Paris, 11 July 1998. On the eve of the World Cup final, in a first-floor room in a building on the Champs-Elysees, an idea for a football friendly was hatched that would lead to death threats, an FBI decoy and the closure of American airspace.
That night, a media reception by US Soccer to promote the United States’ hosting of the 1999 Women’s World Cup was in full swing.
As the gentle currents of small talk circulated among suited attendees, two acquaintances were brought face to face.
Mehrdad Masoudi was an Iranian coming to the end of his time working as the Canadian Soccer Association’s communications director. Hank Steinbrecher was the General-Secretary of US Soccer. In football federations and confederations, very little happens without the signature of the ‘GS’.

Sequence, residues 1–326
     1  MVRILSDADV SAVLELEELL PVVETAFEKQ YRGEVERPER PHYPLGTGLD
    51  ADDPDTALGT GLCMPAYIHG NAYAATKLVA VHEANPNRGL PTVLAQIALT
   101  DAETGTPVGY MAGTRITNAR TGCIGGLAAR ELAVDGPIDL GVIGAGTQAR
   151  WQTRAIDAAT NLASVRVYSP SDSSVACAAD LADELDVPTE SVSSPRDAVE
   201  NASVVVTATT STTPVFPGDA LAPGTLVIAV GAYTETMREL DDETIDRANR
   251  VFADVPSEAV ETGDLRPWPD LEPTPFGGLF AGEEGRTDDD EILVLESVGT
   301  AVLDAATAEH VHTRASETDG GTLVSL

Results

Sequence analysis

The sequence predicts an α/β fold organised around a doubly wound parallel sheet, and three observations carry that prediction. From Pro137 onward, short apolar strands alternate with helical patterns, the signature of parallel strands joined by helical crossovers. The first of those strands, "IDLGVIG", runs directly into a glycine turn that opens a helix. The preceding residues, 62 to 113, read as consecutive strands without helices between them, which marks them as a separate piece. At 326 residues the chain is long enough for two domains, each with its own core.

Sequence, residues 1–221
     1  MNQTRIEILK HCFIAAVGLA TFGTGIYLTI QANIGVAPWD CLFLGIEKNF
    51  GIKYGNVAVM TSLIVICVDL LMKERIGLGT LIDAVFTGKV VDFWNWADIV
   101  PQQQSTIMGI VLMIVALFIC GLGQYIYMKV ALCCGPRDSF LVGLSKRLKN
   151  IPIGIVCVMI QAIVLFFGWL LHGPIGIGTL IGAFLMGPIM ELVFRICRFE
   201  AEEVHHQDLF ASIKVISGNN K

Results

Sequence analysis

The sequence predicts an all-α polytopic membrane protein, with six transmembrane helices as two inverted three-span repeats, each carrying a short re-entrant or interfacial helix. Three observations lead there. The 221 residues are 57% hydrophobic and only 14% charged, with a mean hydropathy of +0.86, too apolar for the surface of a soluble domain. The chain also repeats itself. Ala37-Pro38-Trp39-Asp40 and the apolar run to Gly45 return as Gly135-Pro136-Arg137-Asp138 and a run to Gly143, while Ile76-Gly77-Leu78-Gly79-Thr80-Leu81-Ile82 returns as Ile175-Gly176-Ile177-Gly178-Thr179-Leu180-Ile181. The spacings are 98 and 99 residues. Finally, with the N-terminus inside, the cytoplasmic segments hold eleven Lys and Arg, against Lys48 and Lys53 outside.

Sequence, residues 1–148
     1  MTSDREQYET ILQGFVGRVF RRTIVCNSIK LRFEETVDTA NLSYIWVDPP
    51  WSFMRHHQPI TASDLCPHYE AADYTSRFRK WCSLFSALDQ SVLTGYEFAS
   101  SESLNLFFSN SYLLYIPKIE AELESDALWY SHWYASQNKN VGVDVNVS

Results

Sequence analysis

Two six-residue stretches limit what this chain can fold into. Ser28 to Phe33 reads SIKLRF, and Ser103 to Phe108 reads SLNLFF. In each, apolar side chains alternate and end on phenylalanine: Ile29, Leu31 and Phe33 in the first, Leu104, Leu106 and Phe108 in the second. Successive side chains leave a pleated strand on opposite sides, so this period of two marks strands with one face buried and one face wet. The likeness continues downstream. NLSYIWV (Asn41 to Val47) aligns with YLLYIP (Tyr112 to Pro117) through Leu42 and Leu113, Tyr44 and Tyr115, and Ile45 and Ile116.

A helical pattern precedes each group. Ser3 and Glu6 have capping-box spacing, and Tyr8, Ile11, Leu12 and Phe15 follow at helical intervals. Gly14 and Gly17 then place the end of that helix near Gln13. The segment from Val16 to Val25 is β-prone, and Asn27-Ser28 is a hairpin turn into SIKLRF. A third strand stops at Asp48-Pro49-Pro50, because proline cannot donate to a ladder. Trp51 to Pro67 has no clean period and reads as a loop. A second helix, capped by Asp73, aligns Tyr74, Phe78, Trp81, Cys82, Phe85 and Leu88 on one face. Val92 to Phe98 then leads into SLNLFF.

Three weeks earlier, the two men had been in Lyon to watch Iran beat the USA 2-1. This group-stage encounter was one of the most politically charged matches in World Cup history because of the enmity between the nations.
Iran had been under US sanctions since 52 diplomats were taken hostage in the American embassy in Tehran in 1979, the year of the Islamic Revolution that toppled the pro-American Iranian monarch, the Shah.
But on the day of the match, in a US presidential address, Bill Clinton said he hoped it would be a step towards “ending the estrangement between our nations”.
Meanwhile, before kick-off, the American players were showered with gifts from their opponents.